Not that Walking Dead fans invented the technique. At the end of Season Five, the big cliffhanger in the Game Of Thrones universe was whether the super-stabbed Jon Snow was in fact dead or only mostly dead. Fans who merely watched the show know that he was resurrected early the next season, in a tense moment involving a magic spell cast in an act of desperation. True fans, however, didn't wait -- months earlier, they had carefully kept track of the length of actor Kit Harington's hair during the off-season (he keeps it long and curly for the show), figuring he'd have cut it if his character had been killed off. When filming started, spies quickly leaked the fact that either Jon Snow was alive or Harington was there playing his evil identical twin. Congratulations! You obtained plot information that was completely stripped of the context that would have made it enjoyable!
This behind-the-scenes detective work has put cast and crew in an awkward situation. They're now forced to either spoil their films, lie to the fans, or attempt a coy ambiguous answer that will undoubtedly be dissected and deciphered within the hour (Harington was forced to publicly lie to fans over and over again, saying he was returning only to play a corpse). For Star Trek Into Darkness, J.J. Abrams wanted to keep it a secret what character Benedict Cumberbatch would be playing. Fans were positive that Cumberbatch was playing Khan, aka the only memorable villain in the franchise, then got strangely angry at Abrams for lying to them (that is, for not spoiling his own damned film). The exact same thing played out when the makers of The Dark Knight Rises tried in vain to hide the big villain twist (that Marion Cotillard was Talia al Ghul in disguise), forcing Cotillard to flatly insist she wasn't playing al Ghul, only for sites to energetically rebut her like a politician. ("She's been photographed wearing a very non-businesswoman costume ... in the midst of what seems to be a massive action scene.")
"Talia smiles the exact same way in Batman #243, you filthy liar!"
But why? You can argue about whether or not spoilers "ruin" a story, but you can't argue that they help. "Ah, here's where Darth tells Luke he's his father, which we knew was coming from that scrap of screenplay we found in the dumpster at Lucas's ranch!"
Sometimes, fans write their own story -- then get pissed when the real one is different.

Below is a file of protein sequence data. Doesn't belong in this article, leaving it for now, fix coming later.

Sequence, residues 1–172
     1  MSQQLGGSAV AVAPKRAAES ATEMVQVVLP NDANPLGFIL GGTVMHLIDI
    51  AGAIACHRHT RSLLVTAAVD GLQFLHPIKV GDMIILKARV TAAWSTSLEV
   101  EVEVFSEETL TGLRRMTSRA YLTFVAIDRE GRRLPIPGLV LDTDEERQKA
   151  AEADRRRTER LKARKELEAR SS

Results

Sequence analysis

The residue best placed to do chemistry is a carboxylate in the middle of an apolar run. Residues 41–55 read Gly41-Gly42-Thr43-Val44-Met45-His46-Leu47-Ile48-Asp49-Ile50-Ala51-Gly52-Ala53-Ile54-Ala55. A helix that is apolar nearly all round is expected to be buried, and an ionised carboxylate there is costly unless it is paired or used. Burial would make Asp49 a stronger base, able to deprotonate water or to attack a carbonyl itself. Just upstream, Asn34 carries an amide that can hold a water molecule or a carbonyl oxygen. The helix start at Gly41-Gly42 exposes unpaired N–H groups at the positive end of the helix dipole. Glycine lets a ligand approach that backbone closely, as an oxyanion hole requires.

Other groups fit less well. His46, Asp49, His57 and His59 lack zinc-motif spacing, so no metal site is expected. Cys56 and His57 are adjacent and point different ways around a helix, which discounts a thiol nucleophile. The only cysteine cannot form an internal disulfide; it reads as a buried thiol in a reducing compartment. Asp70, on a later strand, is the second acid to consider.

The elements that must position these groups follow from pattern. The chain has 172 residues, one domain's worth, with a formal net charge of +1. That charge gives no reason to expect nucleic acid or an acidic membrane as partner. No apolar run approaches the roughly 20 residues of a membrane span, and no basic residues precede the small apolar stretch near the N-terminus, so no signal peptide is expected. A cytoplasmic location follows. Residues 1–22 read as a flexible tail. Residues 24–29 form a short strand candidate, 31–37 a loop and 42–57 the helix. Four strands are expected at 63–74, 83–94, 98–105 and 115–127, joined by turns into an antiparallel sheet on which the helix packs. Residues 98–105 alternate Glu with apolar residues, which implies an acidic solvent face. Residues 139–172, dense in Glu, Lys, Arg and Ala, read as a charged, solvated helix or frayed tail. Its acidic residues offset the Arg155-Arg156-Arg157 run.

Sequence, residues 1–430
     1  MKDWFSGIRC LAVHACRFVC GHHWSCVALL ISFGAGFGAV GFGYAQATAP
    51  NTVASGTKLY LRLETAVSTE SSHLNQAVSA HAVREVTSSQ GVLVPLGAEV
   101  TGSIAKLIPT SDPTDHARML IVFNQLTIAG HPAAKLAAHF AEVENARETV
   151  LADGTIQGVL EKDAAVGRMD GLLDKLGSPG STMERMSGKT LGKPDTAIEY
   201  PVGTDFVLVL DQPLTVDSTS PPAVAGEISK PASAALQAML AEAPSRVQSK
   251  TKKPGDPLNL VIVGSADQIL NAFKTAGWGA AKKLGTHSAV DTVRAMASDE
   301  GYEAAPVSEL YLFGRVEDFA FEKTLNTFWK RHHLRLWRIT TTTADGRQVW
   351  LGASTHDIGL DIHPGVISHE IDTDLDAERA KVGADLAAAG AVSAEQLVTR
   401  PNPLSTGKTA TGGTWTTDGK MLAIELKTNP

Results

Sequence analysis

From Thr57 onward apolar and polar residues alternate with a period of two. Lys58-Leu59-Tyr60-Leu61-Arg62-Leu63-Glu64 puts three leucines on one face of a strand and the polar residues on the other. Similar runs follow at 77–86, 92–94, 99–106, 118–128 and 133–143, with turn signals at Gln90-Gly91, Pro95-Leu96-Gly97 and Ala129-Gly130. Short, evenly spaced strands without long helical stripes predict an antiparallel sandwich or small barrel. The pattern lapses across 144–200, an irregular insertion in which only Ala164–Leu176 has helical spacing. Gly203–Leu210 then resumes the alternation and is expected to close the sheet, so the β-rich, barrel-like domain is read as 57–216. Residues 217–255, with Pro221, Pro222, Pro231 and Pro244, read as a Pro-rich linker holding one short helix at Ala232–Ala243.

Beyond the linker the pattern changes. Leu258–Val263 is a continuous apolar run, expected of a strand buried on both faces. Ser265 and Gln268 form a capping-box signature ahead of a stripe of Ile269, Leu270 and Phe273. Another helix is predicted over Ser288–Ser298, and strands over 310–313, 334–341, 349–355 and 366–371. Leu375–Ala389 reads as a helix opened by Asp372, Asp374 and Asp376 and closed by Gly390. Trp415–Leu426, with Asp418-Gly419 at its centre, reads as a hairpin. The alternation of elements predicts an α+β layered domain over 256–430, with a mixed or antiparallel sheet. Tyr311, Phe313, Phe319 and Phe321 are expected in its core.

The first season of True Detective was a bonanza for obsessive spoiler sleuths. There were lots of weird little hints, background details, and symbols to sift through. It was, after all, a show about detectives. How could they not know that fans would want to play along?
So fans pored over every still frame, every line of dialogue, and every piece of background imagery to craft incredibly elaborate theories about where the plot was going. Big Twist speculation suggested the heroes were in fact the killers, or that the whole thing was about to descend into Lovecraftian horror, with Rust and Marty having to slap cuffs on some slithery thing with tentacles. One thing fans knew for sure: The show was surely leading up to something weird as shit.
"There's gotta be some supernatural explanation for how Woody Harrelson's character keeps getting laid."
This house of cards collapsed in a predictable way when it turned out that the show didn't really have a big twist. The whole thing was a case of sex predator hillbillies living out in the woods. Fans seemed to get really angry about this.
It always seems to be the same cycle -- an attempt to guess the twist, followed by annoyance at how the story plays out (bored if we guessed right, annoyed if we guessed wrong, since our version was so clearly better). It creates this weird adversarial relationship, as if we think the creators are cruelly withholding information we're entitled to, angry that they're not giving us the punchline before the joke.
There's nothing wrong with any of this, aside from the fact that it doesn't seem to make the fans happier at all. Call us crazy, but it seems like these days we're kind of bad at enjoying things.
For more times fans maybe need to cut this shit out, check out 9 Disney Fan Drawings That Will Murder Your Childhood Joy and 3 Fan Communities That Hate Their Own Members.
Also, follow us on Facebook. But don't you dare ruin Stranger Things for us or we will ban your ass.
Netflix is better than Hollywood. But barely.
We know history books are often wrong. But have you ever wondered why?
The government has always been wild.